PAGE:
Ahead of International Day to End Impunity on Saturday, the Cambodian Center for Human Rights (CCHR) highlighted murders of human rights activists and journalists which it says are never investigated, cases where security forces that have beaten civilians go unpunished, and cases where several well-connected officials have evaded justice despite being convicted.

“Rampant” impunity is hindering the development of democracy and human rights in the country, the CCHR said in a statement.

CCHR Cambodia Freedom of Expression Project Coordinator Sorn Ramana called on Cambodia’s government to conduct immediate investigations into cases of human rights violations and to ensure that the country's judiciary is independent, impartial, and effective.

“Perpetrators and bad people commit crimes arbitrarily, and they are not afraid of any laws. They are not afraid of being prosecuted,” she told RFA’s Khmer Service.

“The impunity is making innocent people into victims,” she said.

Ongoing cases

Authorities have not yet responded to the CCHR statement, which comes after rights groups accused authorities of failing to hold police responsible for shootings last week that killed one person and left others injured in a clampdown on a demonstration by factory strikers in Phnom Penh.

CCHR highlighted eight cases as examples of the rampant impunity in Cambodia, including the unsolved 2004 murder of outspoken labor activist Chea Vichea and the  “botched” investigation into the murder of environmental rights activist Chut Wutty who was shot dead in April last year while investigating illegal logging claims.

“Perpetrators of crimes often go unpunished, and victims of these crimes never see justice,” CCHR’s statement said.

“More often than not, those who evade justice are well-connected individuals who are targeting those very people fighting for justice and human rights in Cambodia.”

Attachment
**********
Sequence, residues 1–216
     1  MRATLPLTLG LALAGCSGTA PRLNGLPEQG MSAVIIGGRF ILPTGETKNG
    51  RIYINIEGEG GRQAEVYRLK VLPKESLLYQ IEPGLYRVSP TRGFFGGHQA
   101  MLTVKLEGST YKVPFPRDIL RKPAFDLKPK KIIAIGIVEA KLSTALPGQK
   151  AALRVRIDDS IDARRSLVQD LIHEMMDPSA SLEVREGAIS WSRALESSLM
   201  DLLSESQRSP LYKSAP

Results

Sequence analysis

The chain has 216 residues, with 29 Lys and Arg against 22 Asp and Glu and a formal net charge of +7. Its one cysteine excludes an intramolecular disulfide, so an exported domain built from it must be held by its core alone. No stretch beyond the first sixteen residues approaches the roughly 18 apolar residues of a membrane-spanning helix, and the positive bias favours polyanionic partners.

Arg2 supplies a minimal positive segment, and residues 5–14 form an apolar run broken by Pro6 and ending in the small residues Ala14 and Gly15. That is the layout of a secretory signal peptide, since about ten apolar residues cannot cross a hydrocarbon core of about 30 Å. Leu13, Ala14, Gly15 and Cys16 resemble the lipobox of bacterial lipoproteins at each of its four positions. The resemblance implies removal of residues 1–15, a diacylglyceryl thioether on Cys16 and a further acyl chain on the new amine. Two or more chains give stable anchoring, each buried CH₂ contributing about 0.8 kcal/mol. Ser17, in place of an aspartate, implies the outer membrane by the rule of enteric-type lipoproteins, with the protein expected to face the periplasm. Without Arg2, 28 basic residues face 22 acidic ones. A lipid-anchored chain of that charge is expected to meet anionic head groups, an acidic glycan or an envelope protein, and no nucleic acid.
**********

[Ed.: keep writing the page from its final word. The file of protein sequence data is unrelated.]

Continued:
Reported by Tep Soravy for RFA’s Khmer Service. Translated by Samean Yun. Written in English by Rachel Vandenbrink.

Aid Groups Stretched by Refugees in Myanmar’s Kachin State

A Kachin woman holds her baby at a relief camp in Kachin state's Laiza town, Sept. 21, 2012.

Aid groups in Myanmar’s Kachin state are facing a humanitarian crisis as thousands of villagers fleeing homes to avoid fresh fighting between government troops and ethnic rebels inundate ill-prepared refugee camps, sources said Wednesday.

Around 2,000 villagers have been displaced by a surge in clashes since Oct. 16 between the Kachin Independence Army (KIA) and the military in Mansi township in Kachin, a region near Myanmar’s northern border with China.

Mary Tom, an official from the nongovernmental organization Wunpawng Ninghtoi (WPN), which is based in Kachin’s Lizayan town, told RFA’s Myanmar Service that some 1,000 of the new refugees had already found their way to camps for the displaced and that a similar number were still in transit.

“According to the list we have, about 700 people have arrived in Lagutyam refugee camp and about 300 … have arrived in Lazazuja refugee camp,” both of which are located in areas of Mansi township controlled by the Kachin rebels, she said.

“Between 800 and 1,000 refugees are still on their way to refugee camps.”

The Lagutyam refugee camp is being administered by a Christian religious organization, she said.

Many of the new refugees had already been displaced from earlier fighting and were staying at Nantlinpa village in Mansi when they were again forced to flee, Tom said.

A KIA spokesman told RFA on Monday that government troops had “attacked the village” on Oct. 16 and that “because the troops came in firing their weapons, the villagers and refugees ran away, and there is no one at the camps now.”